A recognition that dependencies and impacts on nature are location-specific and present risks and opportunities to organisations anchor’s the TNFD risk assessment and disclosure aproach. All companies and financial institutions – large and small, across sectors and along value chains – need to identify and assess their nature-related issues, regardless of whether they are required to disclose those to capital providers, regulators and other stakeholders.
The LEAP approach is voluntary guidance intended to support internal, nature-related risk and opportunity assessments within corporates and financial institutions, and ultimately become embedded in the enterprise risk management and portfolio management mindset and process. Recognising that different types of organisations will have different starting points for their nature-related identification and assessment activities, it is described as an ‘Approach’ with analytic activity components not a ‘Process’ requiring a strict step-by-step application from beginning to end.
The TNDF’s risk and opportunity assessment approach (LEAP)
LEAP has been designed and developed with three overarching considerations in mind:
- The LEAP approach encourages users to carefully consider the scope of their assessment before commencing;
- Analysts and preparers are encouraged to consult with relevant stakeholders as they work their way through the LEAP approach; and
- LEAP is designed as an iterative process – across business locations, business lines for corporates, and across investment portfolios and asset classes for financial institutions – in line with enterprise risk management processes and reporting and disclosure cycles.
Finally, LEAP is not a mandated process to adhere to the recommended disclosures put forward by the TNFD but is designed to help organisations meet their nature-related corporate reporting activities. Not everything that is identified, assessed and evaluated using the LEAP approach is recommended by the TNFD to be disclosed.
Further details on the iterative development of LEAP, including the extensive feedback from market participants and pilot testing of the approach currently underway by over 200 organisations, is outlined later in this document.
Draft recommended disclosures
Market participants have been clear in their feedback to the TNFD that consistency of approach, structure and language with the TCFD is essential to support early market adoption of corporate reporting for nature-related issues. Strong alignment across sustainability reporting frameworks and recommendations will also support a move to integrated sustainability disclosures over time, covering both climate and nature, as standards by the ISSB, GRI and government regulators come into effect.
With these desired outcomes in mind, he TNFD draft recommended disclosures are designed to:
- Meet the corporate reporting needs of a wide range of organisations across geographies, sectors and jurisdictions, including different approaches to materiality;
- Help provide better information to support strategy and risk management at the board and management level, and ultimately improve capital allocation and asset valuation decisions by corporates;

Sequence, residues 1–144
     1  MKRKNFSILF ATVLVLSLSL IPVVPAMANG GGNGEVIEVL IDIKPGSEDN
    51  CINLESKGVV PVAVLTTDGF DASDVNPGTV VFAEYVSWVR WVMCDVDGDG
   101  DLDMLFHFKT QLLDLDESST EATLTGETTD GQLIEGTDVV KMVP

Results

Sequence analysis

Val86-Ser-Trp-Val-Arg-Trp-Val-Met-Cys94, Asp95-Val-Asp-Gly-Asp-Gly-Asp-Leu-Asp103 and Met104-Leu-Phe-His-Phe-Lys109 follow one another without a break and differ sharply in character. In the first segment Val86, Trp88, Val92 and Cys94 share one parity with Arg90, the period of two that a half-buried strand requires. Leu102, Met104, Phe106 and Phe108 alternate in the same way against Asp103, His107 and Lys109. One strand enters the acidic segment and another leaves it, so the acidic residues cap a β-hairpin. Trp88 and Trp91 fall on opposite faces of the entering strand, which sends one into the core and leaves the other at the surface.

- Promote more informed investment, credit and insurance underwriting decisions by financial institutions; and
- Enable a stronger understanding of the concentrations of nature-related risk and opportunities, based on insights into nature dependencies and impacts.
To ensure close alignment with the approach, structure and language of TCFD, the TNFD has used three guiding questions in developing its recommended disclosures iteratively over the past 18 months:
- Which of the TCFD recommended disclosures apply well to the nature context and can carry over with minimal, if any, change in approach and language to maximise consistency and support integrated sustainability disclosures?
- Which of the TCFD recommended disclosures remain relevant but need some adaptation to the nature context?
- What additional disclosures might be warranted and should be considered by the TNFD, given the particular characteristics of nature-related dependencies, impacts, risks and opportunities?
The outcome of this approach is that the Taskforce has:
- Introduced a new general requirements component to the overall approach to disclosure and corporate reporting with 6 general requirements for use of the TNFD framework;
- Retained the four pillars of the TCFD Recommendations – Governance, Strategy, Risk Management and Metrics and Targets – with Impact Management incorporated into Risk Management;
- Carried over all 11 TCFD recommended disclosures into the TNFD recommended disclosures, providing maximum consistency of content and enabling report users to start reporting on nature-related issues alongside, or integrated with, climate-related issues.
- Adapted the approach taken to incorporate value chain impacts (Scope 3 climate reporting) to the nature context as direct operations, upstream, downstream and financed.
Developed additional guidance, building from TCFD guidance where it exists. This includes new guidance on scenario analysis to inform strategy and on key topics for nature, such as engagement with affected stakeholders.